let “Given 3,3,3,4,4 placed on "pair" gives 8.“ () =  

    Given (3, 3, 3, 4, 4)

      |> When (placed_on Pair)

      |> It should equal 8

      |> Verify

 

[<Scenario>]    

let “Given 5,3,5,4,4 placed on "pair" gives 10.“ () =  

    Given (5, 3, 5, 4, 4)

      |> When (placed_on Pair)

      |> It should equal 10

      |> Verify   

 

[<Scenario>]    

let “Given 1,2,3,4,5 placed on "pair" gives 0.“ () =  

    Given (1, 2, 3, 4, 5)

      |> When (placed_on Pair)

      |> It should equal 0

      |> Verify     

Since we use a new category we now have to extend our model and the calcValue function:

type Category =

| Ones

  // …

| Sixes

| Pair

 

// …

let sumAsPair list number =

    let numberCount =

        list

          |> Seq.filter ((=) number)

          |> Seq.length

 

    if numberCount >= 2 then 2 * number else 0

 

let calcValue category roll =

    let list = toList roll

    match category with

    | Ones   -> sumNumber 1 list

        // …

    | Sixes  -> sumNumber 6 list

    | Pair   ->

        [1..6]

          |> Seq.map (sumAsPair list)

          |> Seq.max  

Category 3 – Two pairs

“Two pairs: If there are two pairs of dice with the same number, the player scores the sum of these dice. If not, the player scores 0. For example, 1, 1, 2, 3, 3 placed on "two pairs" gives 8.”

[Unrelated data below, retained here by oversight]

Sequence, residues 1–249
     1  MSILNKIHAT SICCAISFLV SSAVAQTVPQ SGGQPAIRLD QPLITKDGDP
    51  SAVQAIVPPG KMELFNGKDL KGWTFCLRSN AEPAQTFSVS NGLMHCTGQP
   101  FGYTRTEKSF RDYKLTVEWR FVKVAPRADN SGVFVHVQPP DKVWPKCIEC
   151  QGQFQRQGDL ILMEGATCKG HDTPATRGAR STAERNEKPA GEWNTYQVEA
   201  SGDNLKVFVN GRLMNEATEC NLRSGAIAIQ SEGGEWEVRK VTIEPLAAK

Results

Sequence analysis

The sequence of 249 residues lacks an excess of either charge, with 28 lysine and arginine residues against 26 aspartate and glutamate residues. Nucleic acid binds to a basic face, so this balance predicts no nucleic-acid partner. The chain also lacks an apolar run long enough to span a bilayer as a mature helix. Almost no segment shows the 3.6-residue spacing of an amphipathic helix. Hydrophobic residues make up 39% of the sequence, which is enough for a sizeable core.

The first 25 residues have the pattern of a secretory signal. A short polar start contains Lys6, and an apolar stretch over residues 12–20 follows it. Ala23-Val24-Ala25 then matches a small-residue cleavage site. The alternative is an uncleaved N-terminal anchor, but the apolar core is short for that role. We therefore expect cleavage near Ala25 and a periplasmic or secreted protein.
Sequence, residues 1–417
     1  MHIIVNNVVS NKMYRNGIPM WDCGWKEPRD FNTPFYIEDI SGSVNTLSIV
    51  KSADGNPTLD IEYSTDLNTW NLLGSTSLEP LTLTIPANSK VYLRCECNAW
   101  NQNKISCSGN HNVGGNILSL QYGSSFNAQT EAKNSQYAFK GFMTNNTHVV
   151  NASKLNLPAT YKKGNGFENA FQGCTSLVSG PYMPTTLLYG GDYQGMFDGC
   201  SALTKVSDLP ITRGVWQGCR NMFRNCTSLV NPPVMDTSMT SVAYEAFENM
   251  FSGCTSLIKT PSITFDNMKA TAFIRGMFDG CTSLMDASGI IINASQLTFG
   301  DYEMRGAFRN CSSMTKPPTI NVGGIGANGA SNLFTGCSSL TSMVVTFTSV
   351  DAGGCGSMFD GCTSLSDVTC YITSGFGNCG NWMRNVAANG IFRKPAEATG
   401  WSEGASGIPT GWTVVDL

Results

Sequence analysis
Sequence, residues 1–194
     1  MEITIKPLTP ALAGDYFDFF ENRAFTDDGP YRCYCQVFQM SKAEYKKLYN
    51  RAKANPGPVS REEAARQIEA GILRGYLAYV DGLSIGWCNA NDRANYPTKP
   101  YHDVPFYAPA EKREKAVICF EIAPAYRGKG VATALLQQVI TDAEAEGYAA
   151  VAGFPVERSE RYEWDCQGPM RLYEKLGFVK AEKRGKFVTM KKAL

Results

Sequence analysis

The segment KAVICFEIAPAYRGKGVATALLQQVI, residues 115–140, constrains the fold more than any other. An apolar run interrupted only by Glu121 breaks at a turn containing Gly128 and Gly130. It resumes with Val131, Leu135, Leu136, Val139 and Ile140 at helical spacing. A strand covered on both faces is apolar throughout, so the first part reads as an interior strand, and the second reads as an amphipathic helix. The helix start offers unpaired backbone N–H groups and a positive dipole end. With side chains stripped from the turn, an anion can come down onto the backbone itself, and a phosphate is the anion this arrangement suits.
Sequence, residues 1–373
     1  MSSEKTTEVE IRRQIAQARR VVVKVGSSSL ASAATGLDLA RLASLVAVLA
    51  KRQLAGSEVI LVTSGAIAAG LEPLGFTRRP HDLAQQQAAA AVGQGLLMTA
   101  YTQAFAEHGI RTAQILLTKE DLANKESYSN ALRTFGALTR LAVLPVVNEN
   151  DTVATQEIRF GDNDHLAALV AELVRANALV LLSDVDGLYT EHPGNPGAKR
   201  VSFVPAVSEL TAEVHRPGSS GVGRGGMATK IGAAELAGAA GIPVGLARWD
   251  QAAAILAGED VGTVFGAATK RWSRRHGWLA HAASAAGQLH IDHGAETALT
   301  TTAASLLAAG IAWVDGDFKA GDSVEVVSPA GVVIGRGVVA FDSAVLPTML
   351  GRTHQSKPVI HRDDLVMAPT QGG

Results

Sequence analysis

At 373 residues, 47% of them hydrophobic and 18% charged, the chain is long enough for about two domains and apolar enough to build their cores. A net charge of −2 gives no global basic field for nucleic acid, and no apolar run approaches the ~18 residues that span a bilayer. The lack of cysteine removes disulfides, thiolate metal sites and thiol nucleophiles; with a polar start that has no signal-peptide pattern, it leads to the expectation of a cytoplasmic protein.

[<Scenario>]    

let “Given 1,1,2,3,3 placed on "two pair" gives 8.“ () =  

    Given (1, 1, 2, 3, 3)

      |> When (placed_on TwoPair)

      |> It should equal 8

      |> Verify

 

[<Scenario>]    

let “Given 1,6,6,3,3 placed on "two pair" gives 18.“ () =  

    Given (1, 6, 6, 3, 3)

      |> When (placed_on TwoPair)

      |> It should equal 18

      |> Verify

 

[<Scenario>]    

let “Given 1,1,2,4,3 placed on "two pair" gives 0.“ () =  

    Given (1, 1, 2, 4, 3)

      |> When (placed_on TwoPair)

      |> It should equal 0

      |> Verify 

Implementing this category is a little bit tricky but with the help of our Pair function and some more standard sequence combinators we can get our spec green:

type Category =

| Ones

  // …

| TwoPair

 

let allPairs =

    [for i in 1..6 do

       for j in 1..6 -> i,j]

 

let calcValue category roll =

    // …

    | TwoPair   ->

        allPairs

          |> Seq.filter (fun (a,b) -> a <> b)

          |> Seq.map (fun (a,b) ->

                let a’ = sumAsPair list a

                let b’ = sumAsPair list b

                if a’ = 0 || b’ = 0 then 0 else a’ + b’)

          |> Seq.max    

Category 4 – Three of a kind

“Three of a kind: If there are three dice with the same number, the player scores the sum of these dice. Otherwise, the player scores 0. For example, 3, 3, 3, 4, 5 places on "three of a kind" gives 9.”